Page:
Rosé has come a long way in the U.S. over the past few decades. The category went from being falsely maligned for its association with cloyingly sweet white Zinfandel to leading the charge among seasonal beachside indulgences, and has now catapulted into a year-round billion-dollar market for wine enthusiasts and casual sippers alike. From small producers to industry giants to celebrities, it seems like just about everyone produces a rosé now.

Along with rosé’s exponential rise in popularity came a barrage of rosé-related advice. One drinking strategy that gained a lot of traction in rosé’s early days was to select your bottle by color, under the assumption that those darkest in color would be sweet, and lightest would be dry. This debate seemed to come to a head in 2022 when Real Simple posted a “wine tip” on Instagram, suggesting that readers “always buy the rosé that is lightest in color.” The post received instant backlash from Instagram’s community of wine lovers in a flurry of comments and posts. Influencers like @winefarer did not hesitate to share their frustrations, worried that spreading misinformation could cause consumers to discount an entire category of delicious rosé options.

With the wide range of rosé shades on the market today, we can confirm this rule doesn’t hold true. The deep-pink Cerasuolo d’Abruzzo rosato, Garnacha and Tempranillo- based rosé blends of Rioja, and revered wines of Tavel are all great examples of darker-hued wines that challenge this selection strategy. So, if judging the wine’s color is not the proper way to select your next rosé, then how can consumers differentiate the overwhelming selection of bottles on the market? While there is no foolproof way to make sure each rosé you buy will be your favorite, looking at the grape variety the wine was made with is a good start.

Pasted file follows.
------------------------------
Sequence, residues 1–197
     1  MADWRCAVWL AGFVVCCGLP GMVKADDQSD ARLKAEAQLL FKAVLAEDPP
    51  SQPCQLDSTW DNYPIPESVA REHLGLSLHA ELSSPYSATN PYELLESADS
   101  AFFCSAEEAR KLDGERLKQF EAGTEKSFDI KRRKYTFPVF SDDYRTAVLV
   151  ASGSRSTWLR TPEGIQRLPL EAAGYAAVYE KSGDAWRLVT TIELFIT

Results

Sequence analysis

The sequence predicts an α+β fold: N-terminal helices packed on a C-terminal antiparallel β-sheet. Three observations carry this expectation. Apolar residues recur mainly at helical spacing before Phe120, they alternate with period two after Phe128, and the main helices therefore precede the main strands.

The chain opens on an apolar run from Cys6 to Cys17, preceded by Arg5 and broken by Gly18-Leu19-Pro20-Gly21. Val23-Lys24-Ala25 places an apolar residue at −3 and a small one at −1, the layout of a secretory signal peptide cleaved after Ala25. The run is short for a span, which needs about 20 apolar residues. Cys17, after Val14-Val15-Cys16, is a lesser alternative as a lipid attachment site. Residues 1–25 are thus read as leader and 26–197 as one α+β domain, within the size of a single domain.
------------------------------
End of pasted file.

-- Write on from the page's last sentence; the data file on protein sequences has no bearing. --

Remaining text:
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James Christopher Tracy, partner and winemaker at Channing Daughters winery on Long Island, crafts several different rosé expressions that make up the winery’s series of “multi rosati” (meaning “many rosés”) each year. The collection includes varietal rosés made of Merlot, Cabernet Franc, Syrah, and Refosco, many from specific designated vineyards, as well as several blends. This varietal-focused rosé series itself goes to show how the grape variety is much more relevant to finding your perfect rosé than judging the range of pink, salmon, and coral tones these wines may come in.

“The grape variety gives you tons of information in terms of what those wines classically give you in aroma and flavor,” Tracy notes. “Rosés are remarkably true to the textbook varietal characteristics that are associated with each grape.” For example, when Merlot is vinified as a red wine, it can express a plush texture with notes of plums and cherries, while Syrah has more floral and pepper-driven aromatics. This means drinkers can expect the rosés made from these grapes to share the same characteristics. So, if you know you enjoy red wines made with Cabernet Franc for their red berry and earthy, green pepper flavors, chances are you will also enjoy a rosé of Cabernet Franc offering similar notes.

In terms of what a rosé’s color can tell you about the wine, Tracy remarks that there’s no real way to connect hue and taste. “It really depends. You can have a light-in-color rosé that is quite rich and full in body or the reverse. Who knows about sweetness levels? It can be all over the place.” Beyond checking the grape varieties, if you are still not completely sure about your rosé selection, Tracy mentions the best advice is to stick to a producer you love, check the winery’s website for tasting notes, or ask your sommelier or someone at your local wine shop to point you in the right direction.